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Abstract

Serum Cystatin C as a Useful Marker for Evaluation of Renal Function at Birth: A Pilot Study

Background: Serum creatinine (SCr) is widely used to test renal function. SCr at birth is strongly affected by maternal SCr and does not reflect the renal function of the neonate. Serum cystatin C (CysC) has been used as an indicator of glomerular filtration rate in adults and children. However, CysC has not been widely used to evaluate kidney function in neonates until now.

Methods: The renal function of neonates admitted to our neonatal intensive care unit was evaluated by analyzing cord blood CysC levels at birth using a latex immunoturbidimetric assay.

Results: The cord blood CysC and SCr of ten neonates was measured at birth. The CysC levels of four patients without impaired renal function were between 1.26 and 1.53 mg/L. The CysC level in one case whose mother was diagnosed with chronic kidney disease was not elevated (1.60 mg/L), although the patient’s SCr level was elevated (2.25 mg/dL). The CysC levels of three patients with acute kidney injury due to asphyxia were slightly higher (1.78 to 2.17 mg/L) than those in patients without acute kidney disease. The CysC levels of two patients diagnosed with renal failure were substantially higher (4.09 and 7.07 mg/L) than those of patients without renal failure.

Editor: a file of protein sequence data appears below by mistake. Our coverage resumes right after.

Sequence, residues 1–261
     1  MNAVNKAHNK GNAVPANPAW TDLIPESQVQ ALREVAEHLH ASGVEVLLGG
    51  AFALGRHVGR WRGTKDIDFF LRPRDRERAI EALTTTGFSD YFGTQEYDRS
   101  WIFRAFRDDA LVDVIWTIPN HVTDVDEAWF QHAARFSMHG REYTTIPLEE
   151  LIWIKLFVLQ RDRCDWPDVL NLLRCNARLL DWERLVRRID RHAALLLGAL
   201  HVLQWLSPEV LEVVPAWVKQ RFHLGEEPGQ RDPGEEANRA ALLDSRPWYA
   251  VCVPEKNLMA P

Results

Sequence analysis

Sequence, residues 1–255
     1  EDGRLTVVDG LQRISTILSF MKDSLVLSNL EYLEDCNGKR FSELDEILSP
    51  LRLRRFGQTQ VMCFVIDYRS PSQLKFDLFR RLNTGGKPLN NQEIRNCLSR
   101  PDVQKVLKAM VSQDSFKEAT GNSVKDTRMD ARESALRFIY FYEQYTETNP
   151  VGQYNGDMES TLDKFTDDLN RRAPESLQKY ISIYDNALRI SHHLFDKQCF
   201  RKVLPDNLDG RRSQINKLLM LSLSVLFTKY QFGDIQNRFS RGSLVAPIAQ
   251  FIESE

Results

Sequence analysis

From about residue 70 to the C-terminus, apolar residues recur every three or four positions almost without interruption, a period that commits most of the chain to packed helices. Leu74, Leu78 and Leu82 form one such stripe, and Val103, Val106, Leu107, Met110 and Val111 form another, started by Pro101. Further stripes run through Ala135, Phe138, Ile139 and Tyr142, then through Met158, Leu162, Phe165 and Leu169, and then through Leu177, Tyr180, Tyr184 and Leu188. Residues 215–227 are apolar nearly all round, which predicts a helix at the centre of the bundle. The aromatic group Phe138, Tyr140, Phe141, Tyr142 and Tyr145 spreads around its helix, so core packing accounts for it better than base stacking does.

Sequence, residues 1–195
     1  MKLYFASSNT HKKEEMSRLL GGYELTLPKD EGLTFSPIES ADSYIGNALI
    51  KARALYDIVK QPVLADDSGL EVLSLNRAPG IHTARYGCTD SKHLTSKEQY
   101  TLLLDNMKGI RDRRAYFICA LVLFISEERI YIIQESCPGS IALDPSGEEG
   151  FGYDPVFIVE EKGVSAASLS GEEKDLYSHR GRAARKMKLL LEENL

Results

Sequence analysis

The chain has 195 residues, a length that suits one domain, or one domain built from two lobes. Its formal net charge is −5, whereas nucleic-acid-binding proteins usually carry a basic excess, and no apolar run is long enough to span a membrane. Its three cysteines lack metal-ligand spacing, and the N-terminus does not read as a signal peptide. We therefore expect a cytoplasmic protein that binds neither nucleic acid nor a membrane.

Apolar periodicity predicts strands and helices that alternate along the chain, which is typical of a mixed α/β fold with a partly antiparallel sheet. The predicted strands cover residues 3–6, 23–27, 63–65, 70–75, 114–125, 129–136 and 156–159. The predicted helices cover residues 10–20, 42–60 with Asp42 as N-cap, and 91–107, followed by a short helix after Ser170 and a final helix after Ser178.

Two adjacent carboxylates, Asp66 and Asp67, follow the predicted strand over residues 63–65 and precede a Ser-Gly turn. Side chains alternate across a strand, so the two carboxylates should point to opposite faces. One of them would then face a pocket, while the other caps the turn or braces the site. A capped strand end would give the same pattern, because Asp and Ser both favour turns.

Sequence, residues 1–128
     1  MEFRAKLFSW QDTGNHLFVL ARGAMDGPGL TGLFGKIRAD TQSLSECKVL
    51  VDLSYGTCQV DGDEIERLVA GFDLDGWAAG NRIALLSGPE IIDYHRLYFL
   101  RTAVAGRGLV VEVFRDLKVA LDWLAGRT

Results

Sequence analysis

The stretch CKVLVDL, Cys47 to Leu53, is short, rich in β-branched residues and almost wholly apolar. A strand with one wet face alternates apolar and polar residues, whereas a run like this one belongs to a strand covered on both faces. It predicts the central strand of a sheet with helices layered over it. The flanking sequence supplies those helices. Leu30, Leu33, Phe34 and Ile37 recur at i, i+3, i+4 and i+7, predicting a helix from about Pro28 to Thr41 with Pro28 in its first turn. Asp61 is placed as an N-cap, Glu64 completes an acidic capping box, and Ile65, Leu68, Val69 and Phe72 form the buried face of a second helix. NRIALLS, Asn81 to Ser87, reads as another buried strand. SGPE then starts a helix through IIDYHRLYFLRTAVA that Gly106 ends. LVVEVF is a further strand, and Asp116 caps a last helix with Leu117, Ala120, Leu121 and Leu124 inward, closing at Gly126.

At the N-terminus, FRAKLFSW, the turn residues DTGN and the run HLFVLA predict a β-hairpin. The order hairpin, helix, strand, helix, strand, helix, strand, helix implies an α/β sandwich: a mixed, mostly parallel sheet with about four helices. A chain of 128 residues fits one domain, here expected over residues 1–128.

Conclusion: CysC shows potential as a useful marker to evaluate the kidney function of neonates at birth, as CysC is not affected by maternal CysC.


Author(s):

Mariko Sawada, Kazutoshi Ueda, Kanako Yoshizaki, Satoko Tokumasu, Masamichi Kubota, Akihito Takahashi, Masaaki Hasegawa and Shinichi Watabe



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